Book Design and Imaging

So, who sharpens their images?

I’m not talking about remedial sharpening here, like trying to make an out of focus shot look sharp, I’m talking about unsharpened RAW images converted to JPGs for Blurb. We all know some intrinsic softness exsists within the image shot as RAW, so I’m wondering waht works best.

I know a lot of my clients (graphic designers) leave the sharpening to the printers, as they know how their litho/offset machines like their images, and they spend a fortune on sharpening software. So all my pro work is shipped out unsharpened, so I’ve no experience of sharpening for print. Scary.

 Does Blurb recommend any sharpening for their (B3 Custom Workflow) printers, or is it just hit and miss?

Replytopic_b_normal
Posted by
gooeman
Feb 10, 2009 7:07am PDT
Permalink
gooeman
 

When sharpening for Indigo printers I resize the image to the print size and then sharpen so that the image looks good at 50% on my monitor. For some images I sharpen a wee bit more, for example on a silhouette with the sky as a background.

Always look god for me and I have made ten books now using Blurb and My Publisher.

/Kenneth

Posted by
Rudken
Feb 10, 2009 10:15am PDT
Permalink
Rudken
 

There was some information a year ago in this thread: http://forums.blurb.com/forums/5/topics/1421#posts-22497 That related to what I believe are the pre-B3 Indigo 5000 printers. I think B3 uses 5500 printers. No word from Blurb on  sharpening for those, I just guessed that the recommendations for the 5000 are probably applicable to the 5500.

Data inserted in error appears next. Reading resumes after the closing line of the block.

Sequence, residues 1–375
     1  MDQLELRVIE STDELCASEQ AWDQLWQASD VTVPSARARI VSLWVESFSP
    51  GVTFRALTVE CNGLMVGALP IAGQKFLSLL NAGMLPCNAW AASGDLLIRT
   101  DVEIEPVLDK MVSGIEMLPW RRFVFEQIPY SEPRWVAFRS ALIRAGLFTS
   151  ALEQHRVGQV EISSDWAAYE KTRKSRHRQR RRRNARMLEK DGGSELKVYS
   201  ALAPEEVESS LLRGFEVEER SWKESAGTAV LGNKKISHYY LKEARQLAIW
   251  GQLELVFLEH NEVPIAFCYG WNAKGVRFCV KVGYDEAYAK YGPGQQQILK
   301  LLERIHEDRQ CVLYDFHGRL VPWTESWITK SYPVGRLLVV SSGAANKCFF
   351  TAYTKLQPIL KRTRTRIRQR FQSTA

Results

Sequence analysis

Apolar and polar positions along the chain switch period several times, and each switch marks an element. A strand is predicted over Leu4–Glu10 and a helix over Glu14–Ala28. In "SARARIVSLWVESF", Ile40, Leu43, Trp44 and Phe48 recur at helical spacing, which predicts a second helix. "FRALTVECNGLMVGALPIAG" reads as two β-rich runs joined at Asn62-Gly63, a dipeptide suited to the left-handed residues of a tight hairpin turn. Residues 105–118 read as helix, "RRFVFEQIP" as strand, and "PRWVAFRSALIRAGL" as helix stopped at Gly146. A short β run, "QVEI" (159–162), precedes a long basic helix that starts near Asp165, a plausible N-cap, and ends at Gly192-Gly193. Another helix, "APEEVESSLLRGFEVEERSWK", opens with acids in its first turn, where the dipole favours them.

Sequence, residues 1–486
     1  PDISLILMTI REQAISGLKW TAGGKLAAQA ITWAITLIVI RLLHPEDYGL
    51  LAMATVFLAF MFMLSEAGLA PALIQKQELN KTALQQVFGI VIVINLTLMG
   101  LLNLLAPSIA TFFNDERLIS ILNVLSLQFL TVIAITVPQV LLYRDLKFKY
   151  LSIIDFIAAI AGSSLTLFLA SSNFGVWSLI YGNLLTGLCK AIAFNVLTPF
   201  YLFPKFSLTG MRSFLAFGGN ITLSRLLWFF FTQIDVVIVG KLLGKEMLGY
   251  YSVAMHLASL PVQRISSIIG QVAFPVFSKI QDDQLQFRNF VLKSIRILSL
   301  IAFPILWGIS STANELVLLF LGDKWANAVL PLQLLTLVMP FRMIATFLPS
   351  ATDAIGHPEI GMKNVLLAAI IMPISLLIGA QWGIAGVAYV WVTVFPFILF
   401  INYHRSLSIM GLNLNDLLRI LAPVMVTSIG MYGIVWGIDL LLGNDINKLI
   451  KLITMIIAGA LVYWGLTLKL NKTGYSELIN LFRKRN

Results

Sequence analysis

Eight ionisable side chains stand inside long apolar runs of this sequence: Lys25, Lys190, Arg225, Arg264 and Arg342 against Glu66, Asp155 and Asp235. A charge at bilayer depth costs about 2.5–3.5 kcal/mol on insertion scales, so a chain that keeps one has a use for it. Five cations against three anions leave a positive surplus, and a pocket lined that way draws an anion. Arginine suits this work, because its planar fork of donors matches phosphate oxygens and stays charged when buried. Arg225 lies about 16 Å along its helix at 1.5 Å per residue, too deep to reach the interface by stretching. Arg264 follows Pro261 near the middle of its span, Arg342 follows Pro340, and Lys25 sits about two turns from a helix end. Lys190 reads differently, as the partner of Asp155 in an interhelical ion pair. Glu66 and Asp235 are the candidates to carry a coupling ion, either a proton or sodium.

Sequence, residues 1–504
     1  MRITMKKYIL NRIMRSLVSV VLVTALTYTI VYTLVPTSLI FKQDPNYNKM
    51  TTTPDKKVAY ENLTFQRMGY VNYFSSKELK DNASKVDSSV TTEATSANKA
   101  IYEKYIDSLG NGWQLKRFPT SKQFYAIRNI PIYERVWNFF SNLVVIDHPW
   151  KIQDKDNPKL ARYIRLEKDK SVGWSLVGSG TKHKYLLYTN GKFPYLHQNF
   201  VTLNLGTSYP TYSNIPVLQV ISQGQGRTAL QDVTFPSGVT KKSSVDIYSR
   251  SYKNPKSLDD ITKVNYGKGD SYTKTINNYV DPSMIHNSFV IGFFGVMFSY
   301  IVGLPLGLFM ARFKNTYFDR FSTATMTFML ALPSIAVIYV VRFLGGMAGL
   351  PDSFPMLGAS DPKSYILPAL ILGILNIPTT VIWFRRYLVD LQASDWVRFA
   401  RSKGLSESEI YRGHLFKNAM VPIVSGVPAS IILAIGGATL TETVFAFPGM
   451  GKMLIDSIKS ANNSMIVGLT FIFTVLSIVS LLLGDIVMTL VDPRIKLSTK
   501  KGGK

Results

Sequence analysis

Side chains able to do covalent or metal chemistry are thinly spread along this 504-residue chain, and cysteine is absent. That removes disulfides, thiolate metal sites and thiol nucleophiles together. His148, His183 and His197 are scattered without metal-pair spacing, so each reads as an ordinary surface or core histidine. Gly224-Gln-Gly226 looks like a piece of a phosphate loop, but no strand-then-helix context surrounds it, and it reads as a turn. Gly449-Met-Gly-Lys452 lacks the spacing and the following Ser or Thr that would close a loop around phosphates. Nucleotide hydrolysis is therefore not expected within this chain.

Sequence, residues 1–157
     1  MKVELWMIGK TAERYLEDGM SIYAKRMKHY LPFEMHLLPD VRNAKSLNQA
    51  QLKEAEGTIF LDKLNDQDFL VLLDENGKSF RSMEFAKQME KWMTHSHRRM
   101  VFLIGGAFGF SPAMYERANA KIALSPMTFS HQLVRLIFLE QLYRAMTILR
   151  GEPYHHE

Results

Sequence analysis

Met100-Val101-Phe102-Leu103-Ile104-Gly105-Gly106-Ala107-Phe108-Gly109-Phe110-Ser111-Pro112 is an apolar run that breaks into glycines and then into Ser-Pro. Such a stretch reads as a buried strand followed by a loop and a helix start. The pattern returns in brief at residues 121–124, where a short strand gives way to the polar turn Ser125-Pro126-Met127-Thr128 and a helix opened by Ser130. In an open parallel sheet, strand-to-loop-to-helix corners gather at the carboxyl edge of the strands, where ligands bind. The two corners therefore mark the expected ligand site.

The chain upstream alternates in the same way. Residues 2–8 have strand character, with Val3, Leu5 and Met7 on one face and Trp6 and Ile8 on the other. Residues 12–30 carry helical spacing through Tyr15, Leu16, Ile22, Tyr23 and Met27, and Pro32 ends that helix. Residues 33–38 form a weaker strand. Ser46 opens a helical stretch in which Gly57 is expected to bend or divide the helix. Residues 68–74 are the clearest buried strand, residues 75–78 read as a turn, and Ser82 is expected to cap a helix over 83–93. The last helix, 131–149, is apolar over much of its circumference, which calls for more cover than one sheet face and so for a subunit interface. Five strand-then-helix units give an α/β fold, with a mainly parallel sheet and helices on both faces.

Posted by
photonpics
Feb 10, 2009 2:27pm PDT
Permalink
photonpics
 

I just received a ‘test’ book. I deliberately sharpened all the images more than I would do during the normal photo print process. I also ‘over-lightened’ of the images – more than if it were a photo print process.

I am VERY happy with the results. I’m pretty sure that the images look much better because of the extra sharpening and lightening.

peter

Posted by
pcteacher95
Feb 10, 2009 5:33pm PDT
Permalink
pcteacher95
 

I use input as well as output sharpening (and rarely, selective content sharpening).  For input sharpening of raw files I prefer the controls found in the detail panels of Lightroom or Adobe Camera Raw.  I haven’t found any mention of printer sharpening on Blurb so I also used output sharpening for the one book I published here and there didn’t appear to be any additional sharpening added by the printer (although if there was, it did no harm).  If you are really interested "Real World Image Sharpening with Adobe Photoshop CS2) by the late Bruce Fraser is a good book to review.  The input sharpening facilities of Lightroom and Adobe Camera Raw were developed with Bruce’s help.

Posted by
obregon
Feb 11, 2009 6:08am PDT
Permalink
obregon